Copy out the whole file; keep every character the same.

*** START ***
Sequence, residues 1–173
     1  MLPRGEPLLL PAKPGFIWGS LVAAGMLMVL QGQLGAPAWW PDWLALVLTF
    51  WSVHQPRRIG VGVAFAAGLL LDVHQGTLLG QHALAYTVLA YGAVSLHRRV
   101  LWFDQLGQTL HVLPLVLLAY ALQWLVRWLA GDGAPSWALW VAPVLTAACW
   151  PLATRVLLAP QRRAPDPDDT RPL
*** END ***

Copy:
Sequence, residues 1–173
     1  MLPRGEPLLL PAKPGFIWGS LVAAGMLMVL QGQLGAPAWW PDWLALVLTF
    51  WSVHQPRRIG VGVAFAAGLL LDVHQGTLLG QHALAYTVLA YGAVSLHRRV
   101  LWFDQLGQTL HVLPLVLLAY ALQWLVRWLA GDGAPSWALW VAPVLTAACW
   151  PLATRVLLAP QRRAPDPDDT RPL